Home, Hearth & Heroes
My Builds My Blog My Tiers My Concepts
An Introduction to Set 2: Rise of the Elements
Rise of the Laser beams pewpewpew
Ohayou! It's finally here, Set 2 Rise of the Elements! I've been playing a fair amount on the test client (PBE) to get a feel for the new set and have been thoroughly enjoying it. There's definitely a lot to unpack with so many changes so this article is going to delve into what's new and ease returning players into it. I'll be listing all the resources used at the end of the article so be sure to check those out!
The new set is really bringing the heat with a ton of new content and a lot of changes to already existing aspects of TFT. So, what's new? The obvious change is; new units and traits! 

Not a lot of the previous set has transferred over but a few have. Glacial, Blademaster, Assassin and Ranger are all returning and unchanged in their functionality, though they have had tweaks in numbers. A few of the units from Set 1 with those traits have returned with some having radical changes and others being similar to their original Set 1 design.



Ashe, for example, is now Crystal/Ranger and is a 4 cost unit with a different ultimate. Vayne, on the other hand, has the same ultimate and is still a 1 cost Ranger but is now Light instead of Noble. If you'd like to check out all the returning Set 1 units and their changes going into Set 2 here is a quick document to check out!

Set 1 Unit Changes

Onto the new! New traits, units and the introduction of the elemental hexes on the board. There's a lot to learn and honestly the best way to learn is to play a lot. If you want to do a quick look over of all the new units https://lolchess.gg/ has great resources to do so. Here's a link to all the units in set 2: Units. And a link to look over all the traits (origins, classes) in set 2: Traits. Definitely recommend using online resources if you want to look and learn about the new traits and units.



Elemental map hexes are a new mechanic they've added that changes every game. There are four of them; Cloud, Inferno, Mountain and Ocean. One random element is chosen at the start of each game which you'll be able to tell what element it is based on the carousel (each element changes the appearance of the carousel). One random hex on your board will have whichever element the game chose and another will appear (with the same element) at stage 3-1. Everyone gets the same element and the same placement of elements on their board. It is mirrored and you can see a faint outline of where they appear on the enemies board.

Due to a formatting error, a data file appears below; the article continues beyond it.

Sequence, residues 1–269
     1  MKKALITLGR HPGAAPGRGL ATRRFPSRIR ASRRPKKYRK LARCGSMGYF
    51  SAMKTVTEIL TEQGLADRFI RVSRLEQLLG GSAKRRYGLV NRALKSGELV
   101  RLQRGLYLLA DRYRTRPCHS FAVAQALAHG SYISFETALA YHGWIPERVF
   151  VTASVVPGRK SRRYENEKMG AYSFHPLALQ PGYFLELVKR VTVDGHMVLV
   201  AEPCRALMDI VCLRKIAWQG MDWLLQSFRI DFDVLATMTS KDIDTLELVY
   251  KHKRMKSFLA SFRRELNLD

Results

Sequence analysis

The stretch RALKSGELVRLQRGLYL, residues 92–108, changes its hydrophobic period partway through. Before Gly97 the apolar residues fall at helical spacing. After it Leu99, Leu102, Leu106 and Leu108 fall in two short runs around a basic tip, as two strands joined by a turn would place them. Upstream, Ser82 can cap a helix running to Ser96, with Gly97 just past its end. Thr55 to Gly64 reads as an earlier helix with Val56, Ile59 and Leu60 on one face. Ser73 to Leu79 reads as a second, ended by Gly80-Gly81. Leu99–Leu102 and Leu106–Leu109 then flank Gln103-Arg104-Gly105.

When you place a unit onto one of the hexes it gains a buff corresponding to whichever element it is. This buff takes up an item slot so you won't be able to have a full 3 item unit gain the element buff if you put it on the hex, so keep that in mind! Here's what each elemental buff does;


*Note; Wind was changed to Cloud in game, has the same effect.

In addition to that a new unit, Qiyana, has a unique trait that matches the element of the game. So if the maps element is Inferno, Qiyana will also count as Inferno. This adds a fun layer of strategy around her as a unit and one of my favorite aspects of the elemental system.



I definitely recommend utilizing the hexes with the elements as they give a free buff. Try to position around the fact it is mirrored on the enemies board so positioning around that is key. For example you can have a ranged unit on your Inferno hex to get the attack-speed but if it's near the front of your board the enemy can keep units near it that will target your squishy ranged unit. Scouting will be very important for this set as knowing where not only to position your units but also to scout what units other players are placing on their element hex is useful information.